such as Roman coins and gold collar buttons." (p 341)
      Although females are assisted in tasks by males they pride their
independence, just as the female fiddler crab displayed. "A female
fiddler crab will not tolerate any caveman stuff; she never has and she
doesn't intend to start now." (p 342) Thurber seems quite confused of
this idea but none the less is good humored and willing to try again to
understand courtship rituals.
      Throughout Thurber's essay he uses the metaphors of the animals and
performer. Just as the male spider is endangering himself by nearing the
female's nest, the artist creates his music by "going for web-twitching,
or strand-vibrating," (p 342) and endangers himself of being killed by
the audience who consumes his art.
      The act of violence can be seen as the act of love, metaphorically
displayed by the grebe birds. "The purely loving display is a faint hope
of drowning her or scaring her to death." (p 343) This illustrates his
growing hostility and frustration with women and courtship rituals.
Another interpretation may be revenge upon the ladies for the rejection
and the troubles the male had to go through; therefore, causing him to
resent females, yet returning to the source that caused the anguish. It
can also be understood as the fantasy of power in gender situations.
Thurber makes comparisons to historical and metaphorical presence of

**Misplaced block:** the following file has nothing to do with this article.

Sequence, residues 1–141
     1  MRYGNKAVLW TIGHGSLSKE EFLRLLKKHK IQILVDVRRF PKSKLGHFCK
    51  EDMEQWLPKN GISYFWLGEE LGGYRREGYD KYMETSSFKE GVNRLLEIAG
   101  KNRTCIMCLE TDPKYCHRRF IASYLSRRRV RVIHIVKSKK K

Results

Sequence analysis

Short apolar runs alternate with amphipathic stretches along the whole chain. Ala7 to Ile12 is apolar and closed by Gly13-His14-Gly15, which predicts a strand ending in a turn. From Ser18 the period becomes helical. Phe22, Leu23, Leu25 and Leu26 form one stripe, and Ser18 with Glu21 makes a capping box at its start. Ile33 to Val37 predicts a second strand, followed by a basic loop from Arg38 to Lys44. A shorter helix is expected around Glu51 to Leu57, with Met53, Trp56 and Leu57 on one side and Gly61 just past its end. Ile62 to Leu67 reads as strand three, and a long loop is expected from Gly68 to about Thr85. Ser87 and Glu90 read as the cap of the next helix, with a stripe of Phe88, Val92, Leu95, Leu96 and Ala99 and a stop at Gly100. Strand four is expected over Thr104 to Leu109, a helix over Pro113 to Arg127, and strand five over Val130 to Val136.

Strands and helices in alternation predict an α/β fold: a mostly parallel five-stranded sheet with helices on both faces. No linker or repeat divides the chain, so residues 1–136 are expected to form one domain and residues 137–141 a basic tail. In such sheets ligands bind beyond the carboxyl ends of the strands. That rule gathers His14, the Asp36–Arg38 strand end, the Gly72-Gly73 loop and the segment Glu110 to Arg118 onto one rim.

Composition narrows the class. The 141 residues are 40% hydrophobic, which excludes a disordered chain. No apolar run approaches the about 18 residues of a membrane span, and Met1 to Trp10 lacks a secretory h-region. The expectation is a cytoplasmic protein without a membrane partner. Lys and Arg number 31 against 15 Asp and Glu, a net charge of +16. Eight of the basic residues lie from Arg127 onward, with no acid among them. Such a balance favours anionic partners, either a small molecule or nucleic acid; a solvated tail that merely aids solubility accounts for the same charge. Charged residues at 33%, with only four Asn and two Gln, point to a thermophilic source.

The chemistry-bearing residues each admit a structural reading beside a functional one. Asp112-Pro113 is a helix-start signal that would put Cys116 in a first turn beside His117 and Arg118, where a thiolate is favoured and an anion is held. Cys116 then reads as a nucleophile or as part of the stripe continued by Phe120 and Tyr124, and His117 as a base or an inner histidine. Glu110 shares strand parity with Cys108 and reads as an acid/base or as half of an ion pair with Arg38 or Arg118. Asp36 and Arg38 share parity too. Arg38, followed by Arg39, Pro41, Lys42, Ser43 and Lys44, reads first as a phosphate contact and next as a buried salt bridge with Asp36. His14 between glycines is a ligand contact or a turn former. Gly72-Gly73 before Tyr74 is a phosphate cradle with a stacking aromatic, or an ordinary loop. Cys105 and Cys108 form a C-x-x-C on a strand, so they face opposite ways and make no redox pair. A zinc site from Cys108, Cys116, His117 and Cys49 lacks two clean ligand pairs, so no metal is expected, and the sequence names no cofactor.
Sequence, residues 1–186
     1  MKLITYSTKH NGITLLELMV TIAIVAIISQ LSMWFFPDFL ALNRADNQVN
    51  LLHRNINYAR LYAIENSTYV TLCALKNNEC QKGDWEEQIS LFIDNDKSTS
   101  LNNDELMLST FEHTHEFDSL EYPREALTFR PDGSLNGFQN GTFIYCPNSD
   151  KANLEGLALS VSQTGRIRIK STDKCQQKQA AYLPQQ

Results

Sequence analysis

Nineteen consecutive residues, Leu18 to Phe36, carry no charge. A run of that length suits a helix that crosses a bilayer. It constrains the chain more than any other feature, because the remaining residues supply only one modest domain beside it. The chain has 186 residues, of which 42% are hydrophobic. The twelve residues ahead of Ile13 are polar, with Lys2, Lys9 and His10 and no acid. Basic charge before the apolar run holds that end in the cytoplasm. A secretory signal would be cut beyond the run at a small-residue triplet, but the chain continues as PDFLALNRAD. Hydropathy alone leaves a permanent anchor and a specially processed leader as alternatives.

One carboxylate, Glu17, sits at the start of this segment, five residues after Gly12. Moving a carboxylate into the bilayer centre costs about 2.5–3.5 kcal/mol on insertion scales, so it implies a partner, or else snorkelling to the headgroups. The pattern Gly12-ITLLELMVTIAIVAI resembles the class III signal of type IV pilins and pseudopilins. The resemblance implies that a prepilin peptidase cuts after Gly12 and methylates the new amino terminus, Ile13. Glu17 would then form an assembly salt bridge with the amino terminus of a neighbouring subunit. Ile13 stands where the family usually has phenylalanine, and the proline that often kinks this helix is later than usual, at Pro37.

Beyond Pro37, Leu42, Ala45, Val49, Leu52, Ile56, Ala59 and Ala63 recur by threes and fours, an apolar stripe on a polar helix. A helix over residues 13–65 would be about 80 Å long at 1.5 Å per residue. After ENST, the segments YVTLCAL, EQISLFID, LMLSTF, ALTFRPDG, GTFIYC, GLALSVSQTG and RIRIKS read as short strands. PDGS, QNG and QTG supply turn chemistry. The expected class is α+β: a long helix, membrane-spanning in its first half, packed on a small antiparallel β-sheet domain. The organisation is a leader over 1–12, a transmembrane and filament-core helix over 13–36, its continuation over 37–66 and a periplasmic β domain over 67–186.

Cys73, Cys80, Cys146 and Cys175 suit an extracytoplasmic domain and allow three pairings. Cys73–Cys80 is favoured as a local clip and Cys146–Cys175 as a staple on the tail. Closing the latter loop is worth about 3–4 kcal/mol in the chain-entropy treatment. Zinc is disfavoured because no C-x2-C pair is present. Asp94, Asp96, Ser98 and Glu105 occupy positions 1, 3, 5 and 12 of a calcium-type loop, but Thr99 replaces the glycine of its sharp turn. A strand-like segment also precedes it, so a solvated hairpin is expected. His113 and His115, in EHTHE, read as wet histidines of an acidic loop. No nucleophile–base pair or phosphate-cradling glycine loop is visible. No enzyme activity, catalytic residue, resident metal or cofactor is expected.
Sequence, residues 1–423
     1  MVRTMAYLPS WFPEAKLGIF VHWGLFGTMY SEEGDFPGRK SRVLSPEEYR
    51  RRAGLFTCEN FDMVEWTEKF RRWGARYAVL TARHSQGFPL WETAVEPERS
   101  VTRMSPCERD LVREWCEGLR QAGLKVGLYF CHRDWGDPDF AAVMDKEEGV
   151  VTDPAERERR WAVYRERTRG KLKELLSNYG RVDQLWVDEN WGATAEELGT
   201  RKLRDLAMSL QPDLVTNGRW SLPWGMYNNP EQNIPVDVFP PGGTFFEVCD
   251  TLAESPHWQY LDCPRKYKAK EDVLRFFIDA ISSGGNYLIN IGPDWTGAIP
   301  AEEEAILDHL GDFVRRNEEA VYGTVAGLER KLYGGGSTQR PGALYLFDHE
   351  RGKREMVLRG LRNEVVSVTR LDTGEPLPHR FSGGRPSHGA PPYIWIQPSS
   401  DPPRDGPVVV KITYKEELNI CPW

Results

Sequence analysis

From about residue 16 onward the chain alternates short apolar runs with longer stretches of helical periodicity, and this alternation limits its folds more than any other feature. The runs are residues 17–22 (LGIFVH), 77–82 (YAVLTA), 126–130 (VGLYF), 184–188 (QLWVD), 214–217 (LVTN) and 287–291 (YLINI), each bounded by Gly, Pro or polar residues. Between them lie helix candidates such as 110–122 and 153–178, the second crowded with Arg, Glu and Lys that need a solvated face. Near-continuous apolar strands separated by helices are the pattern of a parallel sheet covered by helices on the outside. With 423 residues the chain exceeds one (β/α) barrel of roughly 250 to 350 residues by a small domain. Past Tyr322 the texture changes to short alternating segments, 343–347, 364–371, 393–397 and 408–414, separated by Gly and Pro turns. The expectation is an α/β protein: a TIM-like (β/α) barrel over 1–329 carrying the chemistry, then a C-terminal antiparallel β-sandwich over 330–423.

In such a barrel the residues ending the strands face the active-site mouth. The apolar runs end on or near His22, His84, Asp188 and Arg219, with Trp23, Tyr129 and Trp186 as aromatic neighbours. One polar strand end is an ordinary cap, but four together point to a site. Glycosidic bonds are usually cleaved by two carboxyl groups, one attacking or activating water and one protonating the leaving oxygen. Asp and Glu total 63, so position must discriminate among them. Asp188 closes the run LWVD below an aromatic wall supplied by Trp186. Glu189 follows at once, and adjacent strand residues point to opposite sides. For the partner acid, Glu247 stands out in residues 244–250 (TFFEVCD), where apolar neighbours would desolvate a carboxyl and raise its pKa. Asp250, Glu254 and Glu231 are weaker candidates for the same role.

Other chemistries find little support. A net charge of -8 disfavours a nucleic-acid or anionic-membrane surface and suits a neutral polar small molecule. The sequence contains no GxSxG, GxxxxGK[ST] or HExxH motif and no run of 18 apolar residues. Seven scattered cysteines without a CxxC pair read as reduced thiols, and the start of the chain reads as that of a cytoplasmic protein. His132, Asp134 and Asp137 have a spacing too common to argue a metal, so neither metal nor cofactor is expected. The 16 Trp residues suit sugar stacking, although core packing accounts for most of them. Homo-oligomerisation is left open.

animals and generalizes courtship as disempowering males. We see this
display with the spiders by the violent acts the lady enforces upon the
male as in the lines, "if a male lands on a female's web, she kills him
before he has time to lay down his cane and gloves... millions of males
were murdered by ladies they called on." (p 342)
      Finally, James Thurber ends his essay with the "mournful burdens of
the male," (p 343) and the different perspectives of courtship and
fantasy. He emphasizes male talent and creativity with the incorporation
of the husband quoting a poem. The wife ignoring the husband as he tries
to recant a poem displays the female short attention span. The female
fails to reinforce the males masculinity; therefore, producing a chaotic
and confusing environment where he suffocates his growth in masculinity.
The rejection caused by a female may be a severe blow to the males pride
and ego; henceforth, shattering his self-confidence and bravado or
machoistic image he parades in front of women. Such as the male fiddler
crab displaying his mighty claw for hours at end hoping to attract the
attention of a female fiddler crab.
      The author ends his story in a mellow tone.   Portraying woman as
heartless people who are always causing men grief. The men are trying
their best to please them in anyway possible, but still the women refuses
his advances. He implies, that although a female may feel deeply
interested, her objective may be elsewhere, as in the lines, "she sat
quietly enough until he was well into the middle of the thing ... then
suddenly their came a sharp, disconcerting slap ... it turned out that
all during the male's display, the female had been intent on a circling
mosquito and had finally trapped it between the palms of her hands." (p
344)    After this the male felt his pride was hurt and that all his
intentions were for nothing.   There after he went to find solace in his
drink at the bar where other men were present, and could relate to his
sorrow. Most of them were familiar with the song "Honey, Honey, Bless
Your Heart." (p 344) This song suggests how females can cause such
heartbreak and turmoil among men. Yet, they always come back, thus
making us part of the circle of life.